Sichuan earthquake: six ways to get to Japan

The Sichuan earthquake has wreaked havoc in China’s far west, as the remnants of Typhoon Nari sweep towards Japan. There is no word of casualties in Japan or of damage to infrastructure but it…

Sichuan earthquake: six ways to get to Japan

The Sichuan earthquake has wreaked havoc in China’s far west, as the remnants of Typhoon Nari sweep towards Japan.

There is no word of casualties in Japan or of damage to infrastructure but it has made stranded travellers everywhere in the region very anxious.

China, where hundreds of thousands of people have been displaced by the earthquake, is mostly cut off, but many in Japan are heading to these affected areas in search of help. Here are some pointers on how to get there:

Japan: Hong Kong

Travel info

Passengers pass by a boarded up Seibu train as they wait for the incoming travel section from Hong Kong at Kurashiki station in Japan’s prefectural of Miyagi-Miyagi, on 25 September 2015. Photograph: Chris McGrath/Getty Images

The UK’s Foreign and Commonwealth Office (FCO) has not issued any travel advice to Japan and instead warns against non-essential travel to the worst affected areas of the Sichuan earthquake. Citizens there can find updated information on their travel pages by going to Japan’s official tourism site ( and the website of the UK’s Department for International Development (DFID).

Hong Kong, from which many people travel to Japan after travelling through mainland China, is worried by the number of people trying to come to Japan. They have warned against taking more than the maximum permitted number of commercial air tickets due to the limited amount of seats available on flights, as well as advising against any unnecessary expenses. (Hong Kong’s Special Administrative Region has not been affected by the earthquake.)

Chen Shuga, a spokesperson for Hong Kong’s transportation department, told Bloomberg: “We have managed to assist many passengers. To tide over the situation, we asked travellers to postpone their travels to Japan until further notice.” Travelers have found alternative routes to mainland China through airports in Beijing and Guangzhou via Shenzhen.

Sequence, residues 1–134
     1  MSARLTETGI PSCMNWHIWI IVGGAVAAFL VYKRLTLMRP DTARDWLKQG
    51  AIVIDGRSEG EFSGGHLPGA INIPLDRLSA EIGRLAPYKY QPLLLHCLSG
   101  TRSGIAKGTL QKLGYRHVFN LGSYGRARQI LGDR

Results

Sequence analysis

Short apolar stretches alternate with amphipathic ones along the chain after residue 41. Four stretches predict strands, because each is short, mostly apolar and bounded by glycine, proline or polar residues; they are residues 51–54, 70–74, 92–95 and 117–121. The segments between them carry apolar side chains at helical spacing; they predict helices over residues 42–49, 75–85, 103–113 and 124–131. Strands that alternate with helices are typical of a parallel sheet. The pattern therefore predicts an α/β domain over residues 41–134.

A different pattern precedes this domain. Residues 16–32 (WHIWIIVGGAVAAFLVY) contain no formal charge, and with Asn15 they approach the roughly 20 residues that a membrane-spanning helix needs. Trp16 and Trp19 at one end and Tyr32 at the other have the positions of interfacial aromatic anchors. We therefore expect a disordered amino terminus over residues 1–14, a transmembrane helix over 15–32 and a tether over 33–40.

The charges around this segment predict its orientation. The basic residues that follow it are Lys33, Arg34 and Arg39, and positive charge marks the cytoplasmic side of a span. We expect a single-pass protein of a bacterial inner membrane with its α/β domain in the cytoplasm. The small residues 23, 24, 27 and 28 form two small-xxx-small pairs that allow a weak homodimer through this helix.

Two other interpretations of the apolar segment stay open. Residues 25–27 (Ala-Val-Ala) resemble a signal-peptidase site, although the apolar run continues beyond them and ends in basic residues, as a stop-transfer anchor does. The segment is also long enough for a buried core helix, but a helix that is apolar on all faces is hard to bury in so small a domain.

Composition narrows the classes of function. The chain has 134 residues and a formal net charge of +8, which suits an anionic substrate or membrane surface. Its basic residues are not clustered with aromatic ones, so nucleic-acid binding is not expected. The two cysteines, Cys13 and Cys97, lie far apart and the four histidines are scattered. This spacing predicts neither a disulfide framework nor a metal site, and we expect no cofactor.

Hong Kong airports are also experiencing disruptions with 20 cancelled flights since 11 December. “If the affected route is also used by mainland flights, we will not issue any new guidance [to passengers] because flights there may suffer the same problem,” she said.

For flights, it is best to check before you leave as international routes connecting with mainland China and Mongolia are still getting inbound and outbound flights. For more information on airlines, see

Those who can, have given up trying to get to Japan and head to western South Korea or to China.

One reader, Shao Xuequan, from Beijing, left Friday on the high-speed KTX train from Moscow to Tokyo, for which he had two tickets. He was on the phone to his wife, who was on the Sichuan earthquake-hit street, from the end of the station as he was due to arrive in Tokyo on 24 December, in time for Christmas, but she said: “At least this route runs through western China and so is less crowded than the Sichuan routes from China to Japan.”

The Sichuan earthquake has hit and the Sichuan earthquake has hit and tourists from Japan have been caught in the gap … I am sadly stuck but otherwise okay. @nikkiblog 😭😭😭😭😭 — KIM TEK (@KTH_Tek) December 23, 2018

China and Japan: get more help

Authorities in the Sichuan province and the municipality of Chongqing are asking for international aid to support the thousands of people left homeless.

While conditions in the Sichuan city of Chengdu have been relatively well attended by volunteer groups and government agencies, others in Chengdu and other cities have been hit harder by the quake.

Chinese soldiers help victims at a makeshift hospital at a collapsed business building. Photograph: Imaginechina/REX/Shutterstock

In Chongqing, according to the Chongqing Evening News, the total number of people made homeless was 89,926 – but some neighbourhoods in the city had as many as 400 people homeless.

In addition to this number, 15,570 people have been registered as missing. The Chinese capital, Beijing, is just 2,342km from Chengdu and there is no way of knowing how many people might still be trapped in Chengdu if there is no more good news on them.

Humanitarian assistance is expected from many other countries and aid organisations, including the US, the World Bank, the UN, Germany, UK, France, South Korea, the World Health Organisation, Red Cross, Red Crescent Societies, Red Crescent Societies from Iran, Qatar, Georgia, Thailand, India, Russia, Australia, Brazil, Mongolia, the Netherlands, Indonesia, the Philippines, the Republic of

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